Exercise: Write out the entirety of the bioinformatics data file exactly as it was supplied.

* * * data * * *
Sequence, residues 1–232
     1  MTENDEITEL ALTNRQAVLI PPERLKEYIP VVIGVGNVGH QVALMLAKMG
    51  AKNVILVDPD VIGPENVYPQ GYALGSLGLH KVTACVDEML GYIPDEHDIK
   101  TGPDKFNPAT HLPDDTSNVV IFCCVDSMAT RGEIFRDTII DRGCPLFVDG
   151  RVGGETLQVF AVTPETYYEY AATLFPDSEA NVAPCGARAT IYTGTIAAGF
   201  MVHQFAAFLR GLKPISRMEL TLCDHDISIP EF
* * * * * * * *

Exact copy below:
Sequence, residues 1–232
     1  MTENDEITEL ALTNRQAVLI PPERLKEYIP VVIGVGNVGH QVALMLAKMG
    51  AKNVILVDPD VIGPENVYPQ GYALGSLGLH KVTACVDEML GYIPDEHDIK
   101  TGPDKFNPAT HLPDDTSNVV IFCCVDSMAT RGEIFRDTII DRGCPLFVDG
   151  RVGGETLQVF AVTPETYYEY AATLFPDSEA NVAPCGARAT IYTGTIAAGF
   201  MVHQFAAFLR GLKPISRMEL TLCDHDISIP EF